Posted: Mar 20, 2017 7:03 am
by Calilasseia
If you have Bindweeds growing in quantity near your home, this points to Emmelina monodactyla, which is not only the commonest of the UK plume moths, but capable of being found virtually year round in the right weather conditions. This page covers identification details.

The only other species I can find that rolls its wings so tightly at rest is Hellinsia carphodactyla, but that's restricted to limestone rich habitats well away from civilisation, and in addition has a very specific foodplant choice not likely to be found in an urban area. The plant in question is Ploughman's Spikenard, Inula conyzae, and although there's an odd population of this plant on the Sefton Coast not far from where I live, that's a somewhat unusual habitat for the plant - at this location, it's growing in sand dunes. Given a choice, this plant prefer limestone pavements and similar locations. Also, since the plant is a late season plant, the moths feeding upon it usually don't appear until mid-June at the earliest, so that again discounts carphodactyla.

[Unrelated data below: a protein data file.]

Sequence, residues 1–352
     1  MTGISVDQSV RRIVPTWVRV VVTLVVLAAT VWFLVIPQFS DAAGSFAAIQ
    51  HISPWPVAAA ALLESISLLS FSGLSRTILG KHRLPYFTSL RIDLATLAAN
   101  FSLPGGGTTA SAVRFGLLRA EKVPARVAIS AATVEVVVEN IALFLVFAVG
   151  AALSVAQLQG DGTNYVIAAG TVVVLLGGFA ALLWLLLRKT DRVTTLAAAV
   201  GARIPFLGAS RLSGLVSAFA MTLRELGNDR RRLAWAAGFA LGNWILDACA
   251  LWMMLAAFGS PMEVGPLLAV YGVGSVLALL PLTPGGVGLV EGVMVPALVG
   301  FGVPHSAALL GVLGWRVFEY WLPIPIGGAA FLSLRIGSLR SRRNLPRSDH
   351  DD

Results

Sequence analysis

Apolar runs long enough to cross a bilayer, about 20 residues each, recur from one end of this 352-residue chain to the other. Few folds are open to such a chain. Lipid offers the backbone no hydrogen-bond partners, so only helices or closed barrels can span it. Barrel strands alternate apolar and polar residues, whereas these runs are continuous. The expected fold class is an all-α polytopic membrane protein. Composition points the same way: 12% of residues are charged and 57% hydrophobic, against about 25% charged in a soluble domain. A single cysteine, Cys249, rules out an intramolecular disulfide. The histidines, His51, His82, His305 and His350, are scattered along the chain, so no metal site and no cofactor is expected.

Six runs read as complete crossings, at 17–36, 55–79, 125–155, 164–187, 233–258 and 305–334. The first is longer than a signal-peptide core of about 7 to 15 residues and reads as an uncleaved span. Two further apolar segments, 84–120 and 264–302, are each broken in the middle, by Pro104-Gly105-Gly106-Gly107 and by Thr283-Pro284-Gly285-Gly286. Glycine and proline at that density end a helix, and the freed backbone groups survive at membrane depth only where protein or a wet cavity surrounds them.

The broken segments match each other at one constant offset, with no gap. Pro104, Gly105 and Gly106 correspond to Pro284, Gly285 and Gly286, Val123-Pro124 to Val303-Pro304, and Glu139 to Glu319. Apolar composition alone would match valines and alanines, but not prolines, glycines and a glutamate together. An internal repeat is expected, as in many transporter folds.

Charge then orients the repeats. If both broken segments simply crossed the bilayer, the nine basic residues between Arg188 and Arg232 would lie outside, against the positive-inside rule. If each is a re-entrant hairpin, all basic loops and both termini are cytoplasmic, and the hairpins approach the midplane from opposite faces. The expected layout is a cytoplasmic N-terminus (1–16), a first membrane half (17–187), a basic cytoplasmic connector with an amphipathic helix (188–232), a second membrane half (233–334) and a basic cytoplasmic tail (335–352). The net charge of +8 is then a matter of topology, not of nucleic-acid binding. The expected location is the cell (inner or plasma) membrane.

Indeed, most of the UK species belonging to the Pterophoridae, are high Summer species as adults, ranging from mid-June to mid-September. Also ruled out on this ground, as well as on the ground of being a specialist larval feeder on Gentians, is Stenoptilia zophodactylus, which is also restricted to sea-cliffs and other limestone-rich habitats.

If ever you see a plume moth resting in a Y shape instead of a T shape like the current specimen, this will be one of the Agdistis species, which usually require genital dissection to separate, and which in addition are restricted to sea-cliffs and similar habitats.